Meet the legal nerd who MAGA bigwigs are turning to for help

Stanley Woodward wasn’t supposed to be here, at the epicenter of the most contentious legal matters facing Trump world.

But now he’s everywhere.

On Oct. 19, the veteran attorney was in court representing Oath Keeper Kelly Meggs, one of several people charged with seditious conspiracy for actions at the Capitol on Jan. 6, 2021. That night, just before midnight, he filed a brief on behalf of Dan Scavino, the longtime aide to Donald Trump fighting a subpoena from the Jan. 6 select committee. The next day, Woodward escorted ex-Trump aide Kash Patel to a grand jury appearance related to Trump’s retention of sensitive records at his Mar-a-Lago estate.

Woodward’s eye-opening client list goes on. He represents Trump aide Walt Nauta, another figure of interest to prosecutors investigating the Mar-a-Lago documents, and Ryan Samsel, a prominent Jan. 6 rioter accused of igniting the Jan. 6 breach. He and his law partner — Tip O’Neill-era House counsel Stan Brand — filed a brief on behalf of GOP Leader Kevin McCarthy during the contempt of Congress proceedings against Steve Bannon. And he’s currently representing Peter Navarro, whose criminal trial for defying a Jan. 6 committee subpoena is slated to begin in early 2023.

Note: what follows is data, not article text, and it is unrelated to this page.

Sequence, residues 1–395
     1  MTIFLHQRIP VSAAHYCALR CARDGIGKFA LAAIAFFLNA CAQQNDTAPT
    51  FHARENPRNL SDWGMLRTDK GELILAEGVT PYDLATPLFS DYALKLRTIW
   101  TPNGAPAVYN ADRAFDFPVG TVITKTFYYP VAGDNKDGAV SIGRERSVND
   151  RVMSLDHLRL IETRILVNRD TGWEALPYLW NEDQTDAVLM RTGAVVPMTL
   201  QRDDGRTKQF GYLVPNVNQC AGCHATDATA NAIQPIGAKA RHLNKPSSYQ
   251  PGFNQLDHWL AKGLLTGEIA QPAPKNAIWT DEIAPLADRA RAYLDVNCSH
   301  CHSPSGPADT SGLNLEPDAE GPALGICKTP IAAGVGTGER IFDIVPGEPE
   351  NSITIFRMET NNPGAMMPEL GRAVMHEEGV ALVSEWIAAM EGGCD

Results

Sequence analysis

“I’ll sleep when I’m dead,” Woodward said wryly when a reporter commented on his crushing workload as he entered the courthouse on that Oct. 19 morning.

A few days later, Woodward almost fulfilled his prophecy, when a car collided with the scooter he was driving, sending him to George Washington University hospital. While there, he underwent shoulder surgery. While in recovery, he was wheeled to the delivery room to witness the birth of his fourth child, who is now a month old.

Among a crew known for their big personalities and in-your-face political postures, the mild-mannered Woodward may be the most prolific Trump-world warrior you’ve never heard of. That’s exactly how he prefers it.

Tall, bespectacled and bearded, Woodward stands out in a courtroom packed with clean-cut attorneys and paralegals. In the courtroom, he speaks with the certitude of a lawyer who has done his homework. During breaks, he flits around with the harried demeanor of a man with a daunting roster of high-maintenance clients.

Those who know Woodward say Trumpian figures are drawn to him precisely because he’s what many lawyers who end up in Trump circles are not. He’s neither a bomb-thrower nor a headline-seeker. He’s a law nerd in a world of political operatives. And it’s the separation he has from the Trump loyalty-at-any-cost mentality that’s made him in demand among MAGA figures embroiled in the legal morass that followed Trump since Jan. 6.

“The usual suspects of Trump world are tired and discredited,” one Woodward associate said. “People are lucky to have him. He’s not operating with blinders on.”